Peter and I pulled in close to the wave-swept shore to try and see if the pelicans nesting on top of the island had any chicks but our view was obscured by the rocks and vegetation. As Gary, Phil and the others were heading off towards Bass Islet we turned north with them and surfed on the long smooth swell across to this barren rocky island.

The group reformed on the sheltered northern side of Bass Islet and John must have decided to cool off again as he was seen examining the sea-bed for signs of moisture (or was it the new paddle this time ? )

Bass Islet as with the other islands in this group is named after that hardy trio of early coastal explorers Bass, Flinders and the boy Martin, who all travelled this part of the coast in a very small open boat called the Tom Thumb but I am mystified as to whom Big and Low Islands are named after.

Lunch was mentioned but as Bass Islet is home to a very noisy Tern rookery and has a smelly covering of “bird shit” we headed off a high speed to Flinders Islet, where half the group landed, whilst the rest decided to paddle out around some of the cargo ships which were moored offshore while waiting to berth at Port Kembla coal or wheat loaders.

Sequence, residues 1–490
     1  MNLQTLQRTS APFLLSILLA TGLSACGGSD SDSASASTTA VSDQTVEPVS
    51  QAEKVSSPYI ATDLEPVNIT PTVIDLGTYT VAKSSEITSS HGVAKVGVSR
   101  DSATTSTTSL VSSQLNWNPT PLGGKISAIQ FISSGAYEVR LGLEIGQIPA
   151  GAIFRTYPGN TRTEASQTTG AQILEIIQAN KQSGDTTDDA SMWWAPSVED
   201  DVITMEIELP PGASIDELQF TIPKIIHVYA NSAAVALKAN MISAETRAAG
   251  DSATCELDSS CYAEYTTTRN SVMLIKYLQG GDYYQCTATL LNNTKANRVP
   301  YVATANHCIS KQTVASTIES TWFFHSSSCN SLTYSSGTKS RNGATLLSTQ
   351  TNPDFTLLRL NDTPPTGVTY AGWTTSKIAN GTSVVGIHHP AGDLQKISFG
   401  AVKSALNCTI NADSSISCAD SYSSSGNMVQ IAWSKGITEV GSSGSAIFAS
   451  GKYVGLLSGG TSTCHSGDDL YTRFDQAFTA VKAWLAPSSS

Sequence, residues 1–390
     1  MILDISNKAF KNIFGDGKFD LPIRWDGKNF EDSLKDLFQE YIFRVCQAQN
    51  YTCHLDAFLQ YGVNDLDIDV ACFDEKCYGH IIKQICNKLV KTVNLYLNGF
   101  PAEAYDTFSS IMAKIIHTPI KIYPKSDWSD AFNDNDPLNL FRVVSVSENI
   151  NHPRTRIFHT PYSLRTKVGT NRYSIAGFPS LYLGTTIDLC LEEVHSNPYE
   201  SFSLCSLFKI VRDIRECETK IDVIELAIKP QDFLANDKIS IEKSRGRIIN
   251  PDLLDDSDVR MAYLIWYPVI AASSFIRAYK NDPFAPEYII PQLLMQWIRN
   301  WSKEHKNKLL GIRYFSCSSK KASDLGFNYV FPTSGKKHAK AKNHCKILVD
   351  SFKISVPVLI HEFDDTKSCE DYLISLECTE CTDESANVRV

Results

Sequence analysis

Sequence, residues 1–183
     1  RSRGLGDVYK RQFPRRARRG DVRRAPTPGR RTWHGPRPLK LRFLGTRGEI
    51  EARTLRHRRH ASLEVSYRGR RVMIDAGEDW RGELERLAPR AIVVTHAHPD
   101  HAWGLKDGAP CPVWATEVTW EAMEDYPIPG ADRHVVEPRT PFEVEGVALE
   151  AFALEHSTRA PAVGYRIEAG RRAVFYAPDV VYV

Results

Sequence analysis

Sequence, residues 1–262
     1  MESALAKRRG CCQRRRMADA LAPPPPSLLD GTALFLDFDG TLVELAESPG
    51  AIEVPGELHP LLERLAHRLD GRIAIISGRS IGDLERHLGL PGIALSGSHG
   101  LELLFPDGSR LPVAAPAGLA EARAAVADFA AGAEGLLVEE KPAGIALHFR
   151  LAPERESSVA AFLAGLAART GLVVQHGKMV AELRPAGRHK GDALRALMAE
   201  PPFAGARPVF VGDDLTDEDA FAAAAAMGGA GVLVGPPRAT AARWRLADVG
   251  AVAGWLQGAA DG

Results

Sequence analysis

After lunch our part of the group returned to shore in Wollongong harbour to meet up with the others, get changed and drive down to the start point to retrieve the cars.

A total of 18 km was covered in approximately 3 hours of paddling, assisted by a very slight southerly breeze, more time could have been spent poking around the islands or surfing some of the uncrowded breaks along the coast but it was still a good day on the water, not to mention the beer(s) at the pub on the way home.